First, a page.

Orlando Visitation Rights Attorneys
Resolving Parenting Issues for Mothers & Fathers in Orlando
As a parent, you may disagree with your child’s other parent as to how a parenting plan should be arranged. You may also be a parent who wishes to modify a current parenting plan to reflect substantial changes in circumstances, whether those circumstances are yours or your child’s. Having visitation rights grants you the right to spend time with your child. In Florida’s current terms, this is referred to as parenting time. Arrangements must be decided as a requirement to divorce or when a father has won a paternity case. You may also change a current parenting plan by requesting a modification.
In any of the above situations, getting legal help from a knowledgeable attorney familiar with the parenting plan process is vital. At The Law Office of Paulette Hamilton, P.A., we are well-versed in this matter. Our Orlando visitation rights lawyers can provide the representation you need to work out a parenting plan that works for you, enforce a parenting plan where your rights have been denied, or help you seek modifications to an existing plan.
Florida’s Stance on Visitation Rights
It is generally held in the state of Florida that children should have continuing and frequent contact with both parents. This is considered to be in the best interests of the child unless some reason should advise against it, such as a parent’s history of abuse. In keeping with this policy, the courts require parents to create a plan that allows each parent to have access to the child on a regular and scheduled basis.
At The Law Office of Paulette Hamilton, P.A., we can help you create such a plan so that it meets the needs of both parents and children as well as the court’s requirements.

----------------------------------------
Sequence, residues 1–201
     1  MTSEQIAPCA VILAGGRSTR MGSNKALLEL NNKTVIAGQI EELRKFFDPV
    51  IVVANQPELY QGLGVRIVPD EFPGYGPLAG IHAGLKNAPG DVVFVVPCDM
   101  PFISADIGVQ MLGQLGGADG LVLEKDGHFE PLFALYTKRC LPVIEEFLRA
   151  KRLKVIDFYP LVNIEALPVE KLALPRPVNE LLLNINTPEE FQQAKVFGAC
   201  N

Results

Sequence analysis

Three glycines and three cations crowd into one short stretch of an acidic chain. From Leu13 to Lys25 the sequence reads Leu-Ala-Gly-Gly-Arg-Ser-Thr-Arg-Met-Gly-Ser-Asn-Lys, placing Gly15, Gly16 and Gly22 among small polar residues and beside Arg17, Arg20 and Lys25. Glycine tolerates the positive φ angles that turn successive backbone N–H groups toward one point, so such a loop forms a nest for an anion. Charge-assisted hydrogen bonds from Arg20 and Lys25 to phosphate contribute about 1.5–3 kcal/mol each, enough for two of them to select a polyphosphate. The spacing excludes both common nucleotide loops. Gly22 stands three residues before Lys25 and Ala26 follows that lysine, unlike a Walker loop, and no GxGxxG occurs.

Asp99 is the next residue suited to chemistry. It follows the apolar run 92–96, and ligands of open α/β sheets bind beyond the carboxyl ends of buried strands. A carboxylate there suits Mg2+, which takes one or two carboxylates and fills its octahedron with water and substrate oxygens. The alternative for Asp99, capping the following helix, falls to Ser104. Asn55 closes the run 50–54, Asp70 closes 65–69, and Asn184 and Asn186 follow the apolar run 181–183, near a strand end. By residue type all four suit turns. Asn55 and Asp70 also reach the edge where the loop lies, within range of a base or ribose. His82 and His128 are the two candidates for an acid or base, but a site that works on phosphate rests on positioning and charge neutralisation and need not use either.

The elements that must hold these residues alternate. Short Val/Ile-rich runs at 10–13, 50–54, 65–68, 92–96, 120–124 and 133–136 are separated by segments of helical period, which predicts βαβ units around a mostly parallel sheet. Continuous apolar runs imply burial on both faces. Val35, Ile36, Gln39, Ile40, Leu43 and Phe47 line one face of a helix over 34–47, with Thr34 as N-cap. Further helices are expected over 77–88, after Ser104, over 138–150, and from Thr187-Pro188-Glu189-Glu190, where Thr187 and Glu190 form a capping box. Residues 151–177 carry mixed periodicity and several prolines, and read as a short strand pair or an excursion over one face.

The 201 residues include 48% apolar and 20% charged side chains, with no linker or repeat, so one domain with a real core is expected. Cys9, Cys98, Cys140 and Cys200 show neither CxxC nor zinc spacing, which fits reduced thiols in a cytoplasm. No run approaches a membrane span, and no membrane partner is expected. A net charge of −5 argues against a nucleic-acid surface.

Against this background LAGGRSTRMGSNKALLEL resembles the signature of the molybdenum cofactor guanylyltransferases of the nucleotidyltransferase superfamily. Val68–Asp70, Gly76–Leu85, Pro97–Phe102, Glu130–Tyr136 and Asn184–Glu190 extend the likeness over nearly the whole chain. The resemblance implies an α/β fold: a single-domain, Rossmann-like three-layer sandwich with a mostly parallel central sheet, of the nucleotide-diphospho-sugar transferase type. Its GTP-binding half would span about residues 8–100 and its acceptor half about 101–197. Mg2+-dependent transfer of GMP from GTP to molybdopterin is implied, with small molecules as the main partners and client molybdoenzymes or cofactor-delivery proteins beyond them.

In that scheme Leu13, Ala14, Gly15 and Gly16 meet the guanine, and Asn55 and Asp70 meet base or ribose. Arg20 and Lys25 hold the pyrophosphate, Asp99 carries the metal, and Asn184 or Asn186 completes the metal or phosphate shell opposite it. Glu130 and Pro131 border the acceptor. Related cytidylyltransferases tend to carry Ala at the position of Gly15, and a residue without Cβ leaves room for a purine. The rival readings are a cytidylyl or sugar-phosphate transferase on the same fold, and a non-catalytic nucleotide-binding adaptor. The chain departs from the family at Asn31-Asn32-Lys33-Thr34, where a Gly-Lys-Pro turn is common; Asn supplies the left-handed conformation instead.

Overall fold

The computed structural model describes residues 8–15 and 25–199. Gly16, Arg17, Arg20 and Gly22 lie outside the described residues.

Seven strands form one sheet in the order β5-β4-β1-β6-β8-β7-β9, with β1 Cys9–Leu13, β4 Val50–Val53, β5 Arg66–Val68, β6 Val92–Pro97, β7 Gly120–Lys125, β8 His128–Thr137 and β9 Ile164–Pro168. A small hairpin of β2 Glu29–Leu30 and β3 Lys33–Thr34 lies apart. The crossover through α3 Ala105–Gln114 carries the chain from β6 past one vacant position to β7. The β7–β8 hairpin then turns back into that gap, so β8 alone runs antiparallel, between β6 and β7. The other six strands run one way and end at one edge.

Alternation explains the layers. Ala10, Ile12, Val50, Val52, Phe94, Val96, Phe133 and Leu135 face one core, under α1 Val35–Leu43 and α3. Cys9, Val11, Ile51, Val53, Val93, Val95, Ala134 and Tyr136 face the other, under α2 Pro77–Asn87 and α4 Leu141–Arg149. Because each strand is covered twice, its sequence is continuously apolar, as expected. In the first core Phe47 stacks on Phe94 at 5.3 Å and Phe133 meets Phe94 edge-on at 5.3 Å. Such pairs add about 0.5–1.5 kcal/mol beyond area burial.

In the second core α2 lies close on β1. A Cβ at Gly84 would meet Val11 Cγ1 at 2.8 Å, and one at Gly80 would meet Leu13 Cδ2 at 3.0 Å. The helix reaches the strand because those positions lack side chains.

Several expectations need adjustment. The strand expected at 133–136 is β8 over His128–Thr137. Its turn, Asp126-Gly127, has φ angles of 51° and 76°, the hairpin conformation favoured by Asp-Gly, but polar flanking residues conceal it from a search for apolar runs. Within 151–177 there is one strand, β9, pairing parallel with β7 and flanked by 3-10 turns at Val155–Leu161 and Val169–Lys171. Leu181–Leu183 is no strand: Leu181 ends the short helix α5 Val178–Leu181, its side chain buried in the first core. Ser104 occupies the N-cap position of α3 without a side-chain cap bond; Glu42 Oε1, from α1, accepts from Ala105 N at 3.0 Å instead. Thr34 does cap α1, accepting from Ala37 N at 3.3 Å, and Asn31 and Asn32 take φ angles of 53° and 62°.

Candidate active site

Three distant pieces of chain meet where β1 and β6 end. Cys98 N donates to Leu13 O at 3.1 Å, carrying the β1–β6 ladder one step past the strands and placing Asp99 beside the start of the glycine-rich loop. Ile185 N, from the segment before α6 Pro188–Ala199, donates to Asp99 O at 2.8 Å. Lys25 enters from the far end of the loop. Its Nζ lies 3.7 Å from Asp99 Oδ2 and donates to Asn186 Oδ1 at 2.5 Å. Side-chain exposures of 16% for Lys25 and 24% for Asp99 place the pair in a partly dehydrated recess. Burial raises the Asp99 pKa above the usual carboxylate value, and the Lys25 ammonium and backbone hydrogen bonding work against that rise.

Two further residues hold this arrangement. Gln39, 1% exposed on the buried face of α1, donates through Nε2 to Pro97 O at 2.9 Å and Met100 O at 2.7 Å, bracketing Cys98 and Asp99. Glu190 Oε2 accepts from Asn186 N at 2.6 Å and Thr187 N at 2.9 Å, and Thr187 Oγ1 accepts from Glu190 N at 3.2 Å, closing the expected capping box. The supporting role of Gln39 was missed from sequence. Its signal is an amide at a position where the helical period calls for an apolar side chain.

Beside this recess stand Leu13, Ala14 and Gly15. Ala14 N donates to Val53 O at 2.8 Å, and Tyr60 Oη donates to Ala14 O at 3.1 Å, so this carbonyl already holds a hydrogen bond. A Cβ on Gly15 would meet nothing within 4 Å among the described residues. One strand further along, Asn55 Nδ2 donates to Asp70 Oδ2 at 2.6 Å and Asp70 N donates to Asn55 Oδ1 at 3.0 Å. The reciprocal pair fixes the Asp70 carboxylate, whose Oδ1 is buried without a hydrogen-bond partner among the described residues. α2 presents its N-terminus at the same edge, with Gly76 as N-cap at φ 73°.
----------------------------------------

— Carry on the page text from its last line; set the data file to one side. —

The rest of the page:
How Visitation Is Determined
In creating a parenting plan, the courts will look at various factors that can influence how visitation rights should be arranged.
These factors include:
- The child’s preference, if they are mature enough
- The proximity of the two households as well as their proximity to the child’s school or daycare
- How much each parent will encourage the child to have a close relationship with the other parent
- Whether parental responsibility will be shared
- How able each parent is to provide a stable environment and routine for the child
- How involved each parent is with the child’s school and extra-curricular activities
- How important it is to maintain continuity if the child has been in one stable environment
- How likely a parent is to remain in communication with the other parent as to the child’s school, activities, and other issues
Once a parenting plan has been established, if you are denied your legal rights by the other parent, you may need to take legal action. Our firm is here to protect your rights.
On the other hand, you and your child’s parent may make changes to the plan. Modifications are not enforceable unless they are approved by the court. Should you need to relocate, this is another issue that can affect your parenting plan and must be handled through the court.
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